• #15
    • July 1, 2012, at 11:53 AM PDT
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  16. Joseph Eagar Member
    Joseph EagarJoined in the first year of Ricochet Ricochet Charter Member

    And I don’t believe inflation is necessarily a good thing. But devaluation is another matter; Milton Friedman made the case for devaluation of currencies in trade deficit sixty years ago, and his arguments are as true today as they were then. Trade deficits require economy-wide wage cuts, and devaluations solve the difficult coordination problem of whose wages falls first, and in what order.

    • #16
    • July 1, 2012, at 11:56 AM PDT
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  17. Gojira's Hejira Member

    Is the Vatican truly not even worth a mention in this discussion?

    • #17
    • July 7, 2012, at 12:19 PM PDT
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  18. Umbra Fractus Coolidge
    Umbra FractusJoined in the first year of Ricochet Ricochet Charter Member
    Steve MacDonald: – There has never been a Fiat currency system that survived long term. The average life span is around 40 years – versus Gold that has been the base standard for most of the last 5,000 years. Why do you think that this time is different? Govt. wisdom/competence? · Jun 28 at 6:54pm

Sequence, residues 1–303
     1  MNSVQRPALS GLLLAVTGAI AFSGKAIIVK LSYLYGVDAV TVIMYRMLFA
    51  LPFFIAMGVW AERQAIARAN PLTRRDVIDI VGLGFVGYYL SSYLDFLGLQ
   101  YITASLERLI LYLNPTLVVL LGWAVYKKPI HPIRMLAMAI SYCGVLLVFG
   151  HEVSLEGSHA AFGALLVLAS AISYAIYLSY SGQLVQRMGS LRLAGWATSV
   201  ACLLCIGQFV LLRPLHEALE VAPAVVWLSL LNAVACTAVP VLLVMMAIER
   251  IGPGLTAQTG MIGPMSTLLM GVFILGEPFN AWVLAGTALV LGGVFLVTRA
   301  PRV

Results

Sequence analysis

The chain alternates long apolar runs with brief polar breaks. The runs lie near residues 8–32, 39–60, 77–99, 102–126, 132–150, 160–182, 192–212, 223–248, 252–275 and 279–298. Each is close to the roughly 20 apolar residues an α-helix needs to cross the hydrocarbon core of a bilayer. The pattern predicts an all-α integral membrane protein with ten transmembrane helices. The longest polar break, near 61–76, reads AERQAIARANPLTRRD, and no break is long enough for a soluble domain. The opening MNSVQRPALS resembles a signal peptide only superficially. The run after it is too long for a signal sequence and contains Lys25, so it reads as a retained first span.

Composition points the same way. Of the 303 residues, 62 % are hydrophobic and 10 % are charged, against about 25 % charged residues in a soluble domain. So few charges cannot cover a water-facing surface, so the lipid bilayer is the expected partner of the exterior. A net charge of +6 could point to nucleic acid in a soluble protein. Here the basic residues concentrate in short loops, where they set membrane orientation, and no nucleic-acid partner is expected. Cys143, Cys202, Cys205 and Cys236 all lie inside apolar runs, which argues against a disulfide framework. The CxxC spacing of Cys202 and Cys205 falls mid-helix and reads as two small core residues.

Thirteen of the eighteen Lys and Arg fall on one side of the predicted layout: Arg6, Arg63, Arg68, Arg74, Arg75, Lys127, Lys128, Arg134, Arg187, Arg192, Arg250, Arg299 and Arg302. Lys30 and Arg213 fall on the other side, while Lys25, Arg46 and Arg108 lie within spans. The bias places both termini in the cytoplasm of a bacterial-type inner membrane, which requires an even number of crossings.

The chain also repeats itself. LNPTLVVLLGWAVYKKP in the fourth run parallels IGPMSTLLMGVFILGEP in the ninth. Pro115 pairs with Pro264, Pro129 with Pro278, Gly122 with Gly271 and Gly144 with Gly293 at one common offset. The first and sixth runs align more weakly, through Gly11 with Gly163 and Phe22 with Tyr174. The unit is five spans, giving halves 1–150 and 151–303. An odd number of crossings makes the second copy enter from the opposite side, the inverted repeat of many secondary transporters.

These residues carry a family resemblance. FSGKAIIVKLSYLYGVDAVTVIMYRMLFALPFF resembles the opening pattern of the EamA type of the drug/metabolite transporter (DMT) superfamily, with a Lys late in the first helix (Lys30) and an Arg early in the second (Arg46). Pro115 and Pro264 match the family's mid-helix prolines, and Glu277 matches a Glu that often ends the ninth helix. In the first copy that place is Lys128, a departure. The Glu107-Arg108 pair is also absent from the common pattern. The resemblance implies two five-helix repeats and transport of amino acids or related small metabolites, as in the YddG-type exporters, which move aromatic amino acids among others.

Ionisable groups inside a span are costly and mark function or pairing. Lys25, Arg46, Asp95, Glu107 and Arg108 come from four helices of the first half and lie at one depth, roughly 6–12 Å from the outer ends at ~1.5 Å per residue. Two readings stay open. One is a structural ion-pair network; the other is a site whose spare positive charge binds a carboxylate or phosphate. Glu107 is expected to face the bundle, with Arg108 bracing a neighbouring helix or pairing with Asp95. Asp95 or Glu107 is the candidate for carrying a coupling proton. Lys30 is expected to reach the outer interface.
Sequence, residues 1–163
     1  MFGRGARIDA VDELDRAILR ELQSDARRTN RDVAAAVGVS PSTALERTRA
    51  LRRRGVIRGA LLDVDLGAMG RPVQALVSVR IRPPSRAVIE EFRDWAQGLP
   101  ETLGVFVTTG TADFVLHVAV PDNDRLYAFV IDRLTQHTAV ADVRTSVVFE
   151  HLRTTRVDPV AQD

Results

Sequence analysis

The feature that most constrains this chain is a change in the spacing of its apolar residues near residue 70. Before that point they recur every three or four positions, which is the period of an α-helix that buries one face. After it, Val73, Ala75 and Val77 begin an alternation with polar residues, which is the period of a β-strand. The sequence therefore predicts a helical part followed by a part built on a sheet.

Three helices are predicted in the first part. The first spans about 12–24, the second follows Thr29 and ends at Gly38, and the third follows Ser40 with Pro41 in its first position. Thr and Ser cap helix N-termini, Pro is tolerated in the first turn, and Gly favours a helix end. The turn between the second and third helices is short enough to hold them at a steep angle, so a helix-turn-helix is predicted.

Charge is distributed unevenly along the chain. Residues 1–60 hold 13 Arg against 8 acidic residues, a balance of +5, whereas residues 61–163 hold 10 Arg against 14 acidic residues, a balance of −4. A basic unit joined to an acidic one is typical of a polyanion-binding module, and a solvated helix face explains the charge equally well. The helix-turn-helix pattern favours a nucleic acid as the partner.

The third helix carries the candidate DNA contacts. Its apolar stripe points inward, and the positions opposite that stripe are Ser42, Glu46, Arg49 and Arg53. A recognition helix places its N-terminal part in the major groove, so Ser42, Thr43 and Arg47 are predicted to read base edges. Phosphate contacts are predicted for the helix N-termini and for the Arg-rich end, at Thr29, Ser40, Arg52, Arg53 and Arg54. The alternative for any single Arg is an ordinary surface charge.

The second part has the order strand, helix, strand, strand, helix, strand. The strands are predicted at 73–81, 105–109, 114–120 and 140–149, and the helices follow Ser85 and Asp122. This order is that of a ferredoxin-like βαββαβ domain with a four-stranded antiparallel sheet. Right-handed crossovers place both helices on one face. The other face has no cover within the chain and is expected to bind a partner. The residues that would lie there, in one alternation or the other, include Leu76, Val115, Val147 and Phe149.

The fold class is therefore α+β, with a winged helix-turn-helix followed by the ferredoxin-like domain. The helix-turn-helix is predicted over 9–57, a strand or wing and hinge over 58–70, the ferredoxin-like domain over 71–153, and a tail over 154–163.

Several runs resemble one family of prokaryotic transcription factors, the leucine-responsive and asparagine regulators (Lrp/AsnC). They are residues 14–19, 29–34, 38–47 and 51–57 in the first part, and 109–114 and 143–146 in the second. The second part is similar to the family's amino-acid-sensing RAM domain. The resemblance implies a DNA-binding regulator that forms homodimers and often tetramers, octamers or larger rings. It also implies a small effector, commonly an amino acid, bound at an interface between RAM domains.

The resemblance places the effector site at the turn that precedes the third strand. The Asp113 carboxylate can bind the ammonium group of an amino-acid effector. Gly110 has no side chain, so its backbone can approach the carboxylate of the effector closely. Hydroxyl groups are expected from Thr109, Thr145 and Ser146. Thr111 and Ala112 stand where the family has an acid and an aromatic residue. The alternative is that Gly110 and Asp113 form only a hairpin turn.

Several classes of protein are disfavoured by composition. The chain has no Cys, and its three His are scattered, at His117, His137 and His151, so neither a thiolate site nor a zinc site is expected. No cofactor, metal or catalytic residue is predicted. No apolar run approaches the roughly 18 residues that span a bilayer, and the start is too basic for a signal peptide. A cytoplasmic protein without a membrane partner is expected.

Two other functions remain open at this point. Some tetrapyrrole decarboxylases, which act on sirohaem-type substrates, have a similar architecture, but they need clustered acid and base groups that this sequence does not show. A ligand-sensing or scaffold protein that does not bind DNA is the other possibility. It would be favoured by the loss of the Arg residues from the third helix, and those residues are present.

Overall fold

There has never been a fiat currency system. Period. If there were, then Zimbabwe would be a major economic power; over half that country are multi-trillionaires, after all.

    Leaving the gold standard did not leave us with a currency backed by nothing, but a currency backed by the economy as a whole instead of a single commodity. If the currency were truly backed by nothing, then printing would not be a problem.

    Also, a return to the gold standard would make true one of the conceits of leftism, that prosperity is a zero sum game in which no one can get richer without making someone else poorer. Under a gold standard it would be impossible to “create wealth,” the most common conservative alternative to redistribution, without mining more gold.

    • #18
    • July 8, 2012, at 9:05 AM PDT